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U.S. has photos of secret Iran nuclear sites

From David Ensor

Commercial satellite photo of an Iranian nuclear facility near Arak
Commercial satellite photo of an Iranian nuclear facility near Arak

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CNN's David Ensor reports U.S. intelligence sources are saying they have evidence that Iran is building nuclear facilities (December 12)
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Mohammed Javad Zarif, Iranian ambassador to the U.N., tells CNN's David Ensor that Iran has no nuclear weapons program (December 12)
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WASHINGTON (CNN) -- The United States has evidence that Iran has secretly been building large nuclear facilities -- sites that could possibly be used to make nuclear weapons, senior U.S. officials tell CNN.

Commercial satellite photographs taken in September show a nuclear facility near the town of Natanz and another one near Arak, the officials said. (View map)

But Iran's foreign ministry spokesman said the country's only nuclear activity is of a peaceful nature, and its facilities have been "regularly and frequently" inspected by the International Atomic Energy Agency, or IAEA.

"Iran hasn't committed any acts that can be considered against international rules, and will not do so in the future," Hamid Reza Assefi told CNN. "At the same time, no country could, for its own political objectives, prevent Iran from achieving its own goals."

A spokesman at the IAEA in Vienna, Austria confirms the agency is seeking access to the two sites and has so far been put off by Iran.

The vice chairman of the U.S. Senate Intelligence Committee said the development was "disturbing news."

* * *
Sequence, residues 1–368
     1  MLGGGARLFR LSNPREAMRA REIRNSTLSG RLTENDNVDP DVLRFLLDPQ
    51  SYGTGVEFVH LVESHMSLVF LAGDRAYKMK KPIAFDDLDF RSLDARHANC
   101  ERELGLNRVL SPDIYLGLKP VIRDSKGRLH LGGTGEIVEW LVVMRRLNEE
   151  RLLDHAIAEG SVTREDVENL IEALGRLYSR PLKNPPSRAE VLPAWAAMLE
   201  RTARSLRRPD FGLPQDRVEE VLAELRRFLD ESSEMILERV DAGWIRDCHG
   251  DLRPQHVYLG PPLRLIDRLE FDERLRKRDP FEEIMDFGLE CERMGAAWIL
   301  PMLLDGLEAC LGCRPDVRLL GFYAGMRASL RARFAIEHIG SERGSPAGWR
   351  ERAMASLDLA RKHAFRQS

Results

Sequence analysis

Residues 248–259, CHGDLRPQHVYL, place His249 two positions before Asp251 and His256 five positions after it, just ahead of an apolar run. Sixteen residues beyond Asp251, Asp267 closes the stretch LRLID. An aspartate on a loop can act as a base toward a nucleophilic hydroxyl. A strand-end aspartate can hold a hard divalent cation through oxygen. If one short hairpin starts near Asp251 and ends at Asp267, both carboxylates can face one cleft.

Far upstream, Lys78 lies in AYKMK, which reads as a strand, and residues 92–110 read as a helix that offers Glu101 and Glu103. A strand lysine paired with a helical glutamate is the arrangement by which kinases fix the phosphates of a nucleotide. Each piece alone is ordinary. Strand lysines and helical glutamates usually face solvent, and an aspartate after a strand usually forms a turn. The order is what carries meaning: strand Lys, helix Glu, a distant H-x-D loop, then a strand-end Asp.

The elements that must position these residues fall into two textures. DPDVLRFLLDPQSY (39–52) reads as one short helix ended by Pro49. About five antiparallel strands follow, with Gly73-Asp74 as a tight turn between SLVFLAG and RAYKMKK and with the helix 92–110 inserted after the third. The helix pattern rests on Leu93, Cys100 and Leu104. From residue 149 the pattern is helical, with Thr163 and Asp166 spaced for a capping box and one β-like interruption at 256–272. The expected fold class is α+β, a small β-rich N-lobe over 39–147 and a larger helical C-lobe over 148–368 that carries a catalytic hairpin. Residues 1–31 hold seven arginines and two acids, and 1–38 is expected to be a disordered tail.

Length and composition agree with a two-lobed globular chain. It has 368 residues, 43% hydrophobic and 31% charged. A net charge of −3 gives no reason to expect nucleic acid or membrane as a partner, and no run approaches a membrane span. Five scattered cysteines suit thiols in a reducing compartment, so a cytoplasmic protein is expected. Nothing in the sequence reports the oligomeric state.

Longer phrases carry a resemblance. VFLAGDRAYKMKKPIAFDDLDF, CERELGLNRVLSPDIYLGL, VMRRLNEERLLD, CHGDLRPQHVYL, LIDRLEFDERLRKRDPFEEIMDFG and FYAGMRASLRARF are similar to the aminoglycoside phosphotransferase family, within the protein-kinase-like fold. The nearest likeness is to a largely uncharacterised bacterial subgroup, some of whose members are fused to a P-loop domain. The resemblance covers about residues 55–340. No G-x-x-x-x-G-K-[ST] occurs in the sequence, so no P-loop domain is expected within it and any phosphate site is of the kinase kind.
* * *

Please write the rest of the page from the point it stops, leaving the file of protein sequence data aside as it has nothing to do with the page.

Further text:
"We don't need another nuclear power -- not with Iran sponsoring terrorism that it has in the past," said Sen. Richard Shelby, an Alabama Republican. "The fact that they are seemingly pursuing an avenue to build nuclear weapons should be disturbing to everybody."

Assefi said the United States was trying to start a negative publicity campaign to divert attention from other issues.

"This kind of publicity is not new," Assefi said. "Certain circles within the United States are trying to create tensions and poison the international atmosphere, and to avert international public opinions away from the real regional danger, which is Israel."

Iranian dissidents have long contended that Iran has been working on nuclear capabilities. But the new satellite photographs and the conclusions drawn from them by nuclear experts are the first evidence to support such claims.

Heavy Water (D2O)
Water in which both hydrogen atoms have been replaced with deuterium, an isotope of hydrogen

Allows reactor to operate with natural uranium as its fuel

Used to breed plutonium from natural uranium, entirely bypassing uranium enrichment and related technological infrastructure

Heavy-water-moderated reactors can be used to make tritium, an ingredient of thermonuclear weapons

Source: Federation of American Scientists

Nuclear expert David Albright said the size and secrecy of the program suggest Iran might be working toward building nuclear weapons.

Albright is head of the Institute for Science and International Security (ISIS), which identified the photographs. The non-profit, non-partisan ISIS focuses on stopping the spread of nuclear weapons.

The satellite picture of the facility near Arak concerns nuclear experts.

Corey Hinderstein, also of ISIS, said the site resembles heavy water plants found in Pakistan and contains a similar Z-shaped structure.

The large facility at Natanz appears to U.S. intelligence officials to be a uranium-enrichment plant, and civilian experts, including Hinderstein, agree.

Iran has a declared nuclear program at Bushehr that is designed to produce nuclear power for electricity only, according to the country's U.N. ambassador.

Commercial satellite photo of a nuclear facility near Natanz, Iran
Commercial satellite photo of a nuclear facility near Natanz, Iran

"I can categorically tell you that Iran does not have a nuclear weapons program," Mohammed Javad Zarif said in an interview with CNN. "Any facility we have ... if it is dealing with nuclear technology, it is within the purview of our peaceful nuclear program." (Transcript of interview)

Iranian officials say a visit by senior IAEA officials is expected in February. IAEA officials say they want to visit Arak and Natanz on that trip.

IAEA officials also point out that nothing Iran is known to have done has violated international law.

Bush labeled Iran part of an "axis of evil," along with Iraq and North Korea, in his State of the Union address this year.

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